The thing about Tavi Gevinson is: She's only 13 but she is already a famous and controversial fashion blogger. Last night, Tavi swooped into a Fashion Week party and we were able to talk to her for 1.5 minutes.
Tavi started her blog, Style Rookie, back in March of 2008. People took notice because, woah, here is a very young girl from Chicago blogging about something young girls normally don't blog about and doing it pretty well! There were many articles written about her. She became a muse for designers Rodarte ("Tavi Gevinson defines Rodarte for Target"), a columnist for Harpers Bazaar and a Pop Magazine cover girl. She annoyed fashion elite by wearing an enormous pink bow to a Dior show and was subjected to an inevitable backlash at the hands of industry heavies. People whispered that a "team" wrote her posts, that she was fashion's JT Leroy. Some people whispered this to New York magazine.
Now, Tavi is synonymous with "fashion blogger" and everything wonderful or terrible one might choose to see in the species. It's all about access: If you're bullish on bloggers, Tavi's weird dress and untrammeled prose prove that only the roaming satellite, the lone enthusiast, can rescue an industry whose identically uncomfortable shoes are always sitting atop egg shells for fear of getting cut off from the goods. But detractors argue that Tavi's own access derives from her uncritical fawning over certain designers. They see young fashion bloggers like Tavi and Bryanboy as basically copy writers who work for free samples, eagerly shilling the products fed to them by older, savvier industry folk. Are Tavi and her ilk tools of the establishment or true iconoclasts? Short-lived gimmicks or a revolutionary vanguard? All the anxieties of an access-obsessed industry are reflected, then magnified in Tavi's tiny, spectacularly swathed frame. After all, if Tavi is the next big thing, you better make nice ASAP.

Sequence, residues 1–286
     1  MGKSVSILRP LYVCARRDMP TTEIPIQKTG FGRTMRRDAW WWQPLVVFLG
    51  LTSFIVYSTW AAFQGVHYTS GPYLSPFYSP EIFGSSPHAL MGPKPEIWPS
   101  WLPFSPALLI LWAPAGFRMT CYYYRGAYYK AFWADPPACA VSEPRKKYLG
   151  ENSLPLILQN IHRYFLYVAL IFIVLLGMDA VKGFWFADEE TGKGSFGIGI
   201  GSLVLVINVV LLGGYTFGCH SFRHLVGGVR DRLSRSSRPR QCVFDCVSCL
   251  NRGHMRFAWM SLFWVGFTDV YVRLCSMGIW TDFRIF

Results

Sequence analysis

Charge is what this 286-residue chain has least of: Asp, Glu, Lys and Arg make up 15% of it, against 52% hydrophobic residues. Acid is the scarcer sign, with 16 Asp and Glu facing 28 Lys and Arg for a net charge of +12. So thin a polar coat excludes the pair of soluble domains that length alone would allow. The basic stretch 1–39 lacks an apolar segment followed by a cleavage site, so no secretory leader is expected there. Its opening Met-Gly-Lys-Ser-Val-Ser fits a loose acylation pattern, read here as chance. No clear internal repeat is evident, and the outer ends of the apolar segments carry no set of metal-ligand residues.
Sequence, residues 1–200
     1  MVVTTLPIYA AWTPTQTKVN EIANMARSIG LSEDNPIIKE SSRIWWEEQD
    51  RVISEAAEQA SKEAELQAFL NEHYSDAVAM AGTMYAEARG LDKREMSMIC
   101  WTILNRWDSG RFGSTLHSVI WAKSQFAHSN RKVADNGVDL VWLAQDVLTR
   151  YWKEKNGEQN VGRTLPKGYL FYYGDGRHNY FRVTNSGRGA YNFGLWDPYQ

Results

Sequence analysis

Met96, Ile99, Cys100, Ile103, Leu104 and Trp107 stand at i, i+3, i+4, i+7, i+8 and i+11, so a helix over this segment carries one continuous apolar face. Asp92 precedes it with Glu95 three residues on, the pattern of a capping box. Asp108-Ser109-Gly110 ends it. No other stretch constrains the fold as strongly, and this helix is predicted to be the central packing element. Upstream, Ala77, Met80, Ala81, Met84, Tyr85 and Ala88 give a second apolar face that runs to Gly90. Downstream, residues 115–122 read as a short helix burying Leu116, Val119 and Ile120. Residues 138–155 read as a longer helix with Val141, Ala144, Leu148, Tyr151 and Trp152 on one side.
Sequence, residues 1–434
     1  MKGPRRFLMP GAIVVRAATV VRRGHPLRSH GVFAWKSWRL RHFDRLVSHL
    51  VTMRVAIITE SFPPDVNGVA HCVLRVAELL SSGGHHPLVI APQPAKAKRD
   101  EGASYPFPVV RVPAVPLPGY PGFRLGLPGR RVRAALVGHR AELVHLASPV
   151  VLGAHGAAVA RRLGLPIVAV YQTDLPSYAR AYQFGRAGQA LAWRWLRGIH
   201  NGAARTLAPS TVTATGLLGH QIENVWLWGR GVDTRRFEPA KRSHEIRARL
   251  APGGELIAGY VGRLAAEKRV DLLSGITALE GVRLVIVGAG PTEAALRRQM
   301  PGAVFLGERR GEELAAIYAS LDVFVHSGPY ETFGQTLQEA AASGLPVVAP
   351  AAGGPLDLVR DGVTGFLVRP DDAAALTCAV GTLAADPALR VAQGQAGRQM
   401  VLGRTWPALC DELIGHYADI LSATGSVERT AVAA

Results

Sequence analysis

Though this might be totally over-thinking it. To the crowd at China One in the East Village, where last night Brooklyn design duo I Love Factory held a Fashion Week party for a new line of fancy hats, Tavi was a real gut-level, "holy shit!" superstar. Tavi's entrance—mom and entourage in tow—was heralded by a tectonic shift as partygoers scrambled out of Tavi's way. Tavi passed through the parted crowd, back to where models showed off the hats. The two syllables of her name filled the room. A semi-circle of fans snapped pictures with their iPhones. The bolder ones approached her, then the party photographer Bronques waved them away so he could get a clear shot. Positively knee-high, with dyed gray hair and chunky, clear-framed glasses, Tavi looked like a fortune-teller with a malfunctioning pituitary gland. But in a good way! She looked over the product, spoke with some well-wishers then headed for the door.
Tavi had just been at the Alexander Wang show, where New York spotted her. She said she felt "kind of mixed" about it when I cornered her at the door; she would sort out her thoughts about the collection while writing her post. I asked what she thought was driving Tavimania and her answer can only be described as precocious: "A lot of people tell me I remind them of a younger version of themselves. Other people have their own reasons, I don't know." I asked her about the politics of fashion, which she's complained about on her blog. She said she takes fashion industry machinations with a grain of salt: "I wish the fashion industry could laugh at itself more." Also, haters, Tavi doesn't read your stuff. "I spend all day with myself—I don't need to read about myself too."
Then Bronques brought over party promoter Alexis Mincolla to have his picture taken with Tavi. Mincolla said he hadn't heard of Tavi before tonight, but Bronques had explained who she was and what she does; Mincolla was into it. Tavi gamely posed with him. Then, maybe seven minutes after she arrived, Tavi left.